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04 May 2016 | Online since 2003
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8 April 2014 05:55:40|Cattle,Finance,News

China to lead beef demand


Beef demand growth will continue to come mainly from China as farmers take little interest in expanding production despite strong profits and increasing government support, according to a new report.
Ongoing shortages in the Chinese domestic market will continue to support rising imports of frozen beef, with Australia remaining the biggest supplier accounting for 53% of total import volume in 2013. They might open their market to Brazilian beef soon.
“Prospects for the global beef industry remains positive in Q2, with further possible upside due to continuing pressured beef supply and scarce supply of competing proteins which will continue to impact competitive positions” explained Rabobank Analyst, Albert Vernooij.
“Brazilian cattle prices and exports have surged to record levels, and Australian droughts have encouraged historically high slaughter levels to meet global demand”.
Despite high local prices, strong profitability along the supply chain and increasing government support, beef cattle raising remains unattractive for farmers. This is due to the long production cycle, higher capital requirement and limited credit access compared with other livestock businesses.
In Q1 2014, Chinese beef farmers' profits reached CNY 1,643/head (each head equals 500 kilogrammes), slaughtering profitability increased also.
For Q2, along with the weak demand in the season after the Spring Festival, profitability is expected to decline slightly across the supply chain.
High international beef prices will limit the affordability of expensive beef in China. The average import price of frozen beef slightly dropped to USD 4,224/tonne, down 67.5% from 2012. Meanwhile, exports dropped 52% due to tight domestic supply and high local prices.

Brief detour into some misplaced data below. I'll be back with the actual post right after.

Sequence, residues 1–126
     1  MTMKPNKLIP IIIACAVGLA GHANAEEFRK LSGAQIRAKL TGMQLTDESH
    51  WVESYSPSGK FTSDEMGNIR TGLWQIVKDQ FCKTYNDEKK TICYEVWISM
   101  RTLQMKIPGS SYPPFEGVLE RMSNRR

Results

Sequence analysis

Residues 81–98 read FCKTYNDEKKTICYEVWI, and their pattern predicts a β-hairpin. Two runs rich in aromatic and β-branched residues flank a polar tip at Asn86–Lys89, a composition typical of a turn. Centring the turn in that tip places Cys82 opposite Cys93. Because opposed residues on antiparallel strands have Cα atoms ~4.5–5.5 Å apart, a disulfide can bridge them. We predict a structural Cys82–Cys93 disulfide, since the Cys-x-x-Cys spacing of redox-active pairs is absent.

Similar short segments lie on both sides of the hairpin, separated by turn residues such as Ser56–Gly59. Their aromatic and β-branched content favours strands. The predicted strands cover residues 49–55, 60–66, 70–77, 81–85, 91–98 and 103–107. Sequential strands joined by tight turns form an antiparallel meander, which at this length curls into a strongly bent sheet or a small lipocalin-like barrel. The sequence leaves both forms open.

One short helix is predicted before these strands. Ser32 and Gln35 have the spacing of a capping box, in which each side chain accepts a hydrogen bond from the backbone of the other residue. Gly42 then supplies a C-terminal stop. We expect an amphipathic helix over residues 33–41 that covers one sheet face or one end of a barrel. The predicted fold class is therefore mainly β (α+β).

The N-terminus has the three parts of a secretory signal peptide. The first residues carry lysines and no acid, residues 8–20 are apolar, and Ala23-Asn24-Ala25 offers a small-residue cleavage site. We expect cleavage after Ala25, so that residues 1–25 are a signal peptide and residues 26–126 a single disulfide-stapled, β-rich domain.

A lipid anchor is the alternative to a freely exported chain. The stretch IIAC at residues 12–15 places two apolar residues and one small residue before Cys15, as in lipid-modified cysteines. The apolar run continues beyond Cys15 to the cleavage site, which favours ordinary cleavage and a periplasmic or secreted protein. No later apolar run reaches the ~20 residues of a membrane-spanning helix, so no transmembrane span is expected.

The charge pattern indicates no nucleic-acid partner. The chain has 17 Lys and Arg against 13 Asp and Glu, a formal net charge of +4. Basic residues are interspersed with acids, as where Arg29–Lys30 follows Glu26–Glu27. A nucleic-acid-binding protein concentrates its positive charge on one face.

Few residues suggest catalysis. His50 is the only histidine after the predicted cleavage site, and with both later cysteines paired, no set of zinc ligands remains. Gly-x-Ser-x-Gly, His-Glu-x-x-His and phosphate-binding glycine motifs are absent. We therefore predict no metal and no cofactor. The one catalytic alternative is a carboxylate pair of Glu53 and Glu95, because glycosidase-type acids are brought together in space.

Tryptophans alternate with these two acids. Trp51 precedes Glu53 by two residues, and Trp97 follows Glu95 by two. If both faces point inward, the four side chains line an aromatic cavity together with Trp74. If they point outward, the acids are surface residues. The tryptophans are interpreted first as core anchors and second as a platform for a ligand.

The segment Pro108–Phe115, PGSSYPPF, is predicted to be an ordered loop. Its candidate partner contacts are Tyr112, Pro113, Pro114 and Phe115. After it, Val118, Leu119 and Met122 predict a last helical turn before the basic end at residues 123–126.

Australia remains the biggest supplier to China, accounting for 53% of the total volume in 2013, followed by Uruguay (29%), which is catching up rapidly because of its competitive prices.
US: Volatility was the biggest factor impacting the US cattle complex in Q1 2014. The exploding hog market due to the rapid spread of PEDv will be the wildcard in the coming months. The shortage in hog slaughter could have a significant impact on total meat supplies strengthening beef demand during the spring grilling season and into summer.
Australia: Poor climate conditions are keeping slaughter levels historically high, but strong international demand has supported record boxed beef exports in Q1. The latest seasonal outlook predicts a drier-than-normal period for Queensland and northern NSW and a continued high flow of cattle to markets is expected.
Brazil: Expected continued strong demand, both domestic and export, will result in firm cattle prices in Q2 2014 and likely beyond, even in periods of strong supply. Domestic demand is likely to increase on the back of the World Cup and presidential elections, while exports will be driven by the continued depreciation of the US dollar.
New Zealand: Export prospects are positive with strong demand likely from the US and China. However, the relatively high New Zealand dollar continues to put downward pressure on returns, eroding international competitiveness.
Canada: The long and extreme winter has been taxing, forcing increased feed usage. This escalation, in conjunction with cattle shipments to the US means Canada is rapidly going through their available cattle supply with limited interest in herd expansion.
Argentina: Exports are expected to remain low as government limitations on export markets continue, with the aim of keeping domestic meat prices low.
China: Ongoing shortages in the domestic market will continue to support rising imports of frozen beef, with Australia remaining the biggest supplier accounting for 53% of total import volume in 2013.
Mexico: Mexico’s beef sector will continue operating under tight margins into Q2 2014 as beef and cattle prices remain high and lacklustre consumption continues.
EU: With EU markets more or less in equilibrium, beef prices are expected to hold firm at their current levels. Supply of cattle will remain stable while import growth will continue its steady increase of about 10%.

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